Except . . . KDP soon informed me that the e-book did not meet its standards either. I had not checked the URLs provided as sources in the first edition, and KDP’s software identified six that no longer worked. Jera uploaded the corrected book a fourth time and finally, in January 2020, the second edition of The Great A&P was complete.
From start to finish, regaining the rights and republishing my book took 27 months. And the project was still not done; copyright registration was my responsibility, requiring me to pay a fee to the US Copyright Office and submit a copy of the book. Still, the total cost—a bit under $2,000—was manageable, and the repeated rejections from KDP made me very glad I had hired professionals to handle design and composition. The end product, printed on demand, looks every bit as nice as the commercially published first edition.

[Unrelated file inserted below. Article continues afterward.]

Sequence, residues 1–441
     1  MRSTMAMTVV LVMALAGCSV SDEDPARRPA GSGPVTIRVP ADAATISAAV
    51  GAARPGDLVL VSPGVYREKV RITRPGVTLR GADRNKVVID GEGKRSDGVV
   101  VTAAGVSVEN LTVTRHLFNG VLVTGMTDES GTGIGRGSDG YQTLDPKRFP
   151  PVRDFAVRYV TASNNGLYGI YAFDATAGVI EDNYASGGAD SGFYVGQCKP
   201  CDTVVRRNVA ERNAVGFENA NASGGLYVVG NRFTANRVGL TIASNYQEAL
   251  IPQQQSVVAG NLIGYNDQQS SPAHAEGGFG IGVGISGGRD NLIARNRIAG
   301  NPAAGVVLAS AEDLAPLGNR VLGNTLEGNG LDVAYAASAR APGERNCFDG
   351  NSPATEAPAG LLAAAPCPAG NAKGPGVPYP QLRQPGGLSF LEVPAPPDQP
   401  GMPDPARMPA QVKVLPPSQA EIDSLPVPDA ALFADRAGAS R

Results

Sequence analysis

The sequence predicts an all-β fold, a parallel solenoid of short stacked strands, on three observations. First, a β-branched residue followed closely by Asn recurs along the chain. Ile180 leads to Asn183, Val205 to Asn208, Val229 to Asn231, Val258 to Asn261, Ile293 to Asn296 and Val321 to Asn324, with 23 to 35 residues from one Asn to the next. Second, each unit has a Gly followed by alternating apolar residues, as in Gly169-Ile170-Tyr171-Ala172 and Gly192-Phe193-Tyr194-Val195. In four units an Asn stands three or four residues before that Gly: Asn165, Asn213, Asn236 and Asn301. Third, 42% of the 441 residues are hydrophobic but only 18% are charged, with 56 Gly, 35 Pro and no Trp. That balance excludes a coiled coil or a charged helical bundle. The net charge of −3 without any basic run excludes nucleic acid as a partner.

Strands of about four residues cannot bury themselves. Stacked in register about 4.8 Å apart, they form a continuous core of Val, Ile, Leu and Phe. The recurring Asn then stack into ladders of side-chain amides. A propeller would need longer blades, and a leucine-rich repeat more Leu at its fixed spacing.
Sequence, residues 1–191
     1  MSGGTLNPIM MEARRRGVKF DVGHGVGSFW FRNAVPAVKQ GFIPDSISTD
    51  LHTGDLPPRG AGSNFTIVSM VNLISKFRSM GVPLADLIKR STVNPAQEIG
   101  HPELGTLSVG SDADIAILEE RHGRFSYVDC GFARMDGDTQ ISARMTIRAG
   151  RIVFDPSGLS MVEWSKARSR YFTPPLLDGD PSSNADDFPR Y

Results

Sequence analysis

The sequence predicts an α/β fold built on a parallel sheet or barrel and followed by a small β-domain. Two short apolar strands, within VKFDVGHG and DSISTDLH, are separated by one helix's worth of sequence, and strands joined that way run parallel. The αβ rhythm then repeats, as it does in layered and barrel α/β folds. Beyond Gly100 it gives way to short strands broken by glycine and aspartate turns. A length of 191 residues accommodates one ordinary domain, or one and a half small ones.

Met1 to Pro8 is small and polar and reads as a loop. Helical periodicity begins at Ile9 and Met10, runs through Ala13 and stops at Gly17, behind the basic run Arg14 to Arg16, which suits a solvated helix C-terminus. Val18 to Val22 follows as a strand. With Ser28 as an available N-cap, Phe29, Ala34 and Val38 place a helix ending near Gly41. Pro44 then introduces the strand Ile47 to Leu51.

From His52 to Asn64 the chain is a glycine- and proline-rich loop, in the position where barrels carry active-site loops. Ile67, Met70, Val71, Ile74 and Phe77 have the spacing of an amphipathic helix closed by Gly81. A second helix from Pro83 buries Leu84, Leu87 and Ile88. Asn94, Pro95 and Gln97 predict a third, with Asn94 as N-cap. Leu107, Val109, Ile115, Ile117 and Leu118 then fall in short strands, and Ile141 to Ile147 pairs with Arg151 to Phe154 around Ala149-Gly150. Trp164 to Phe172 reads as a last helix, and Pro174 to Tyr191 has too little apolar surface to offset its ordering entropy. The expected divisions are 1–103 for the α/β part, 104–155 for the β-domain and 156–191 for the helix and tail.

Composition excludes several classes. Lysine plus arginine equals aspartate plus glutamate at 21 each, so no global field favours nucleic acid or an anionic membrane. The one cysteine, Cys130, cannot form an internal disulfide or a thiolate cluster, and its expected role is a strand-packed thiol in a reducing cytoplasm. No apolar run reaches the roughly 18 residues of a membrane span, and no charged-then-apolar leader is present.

From start to finish, regaining the rights and republishing my book took 27 months.
Would I recommend self-publishing to other historians? The answer depends on the purpose. Publishing a book, after all, is the easy part. Drawing attention to it is much harder. In my case, I anticipated no buzz around a book that already had been widely reviewed. Whether reviewers and the media will take a self-published book seriously I cannot say. But then again, many commercial and academic publishers fall short when it comes to buzz-building. No matter how a book is published, marketing ends up being the author’s job.
But I have achieved my goal in publishing a second edition: making sure my book is available. Historians, economists, and lawyers are engaging in thoughtful discussions about whether antitrust laws drafted more than a century ago are adequate for the modern digital economy. I’m hopeful The Great A&P will bring useful context to that debate.
Marc Levinson is an independent historian who lives in Washington, DC.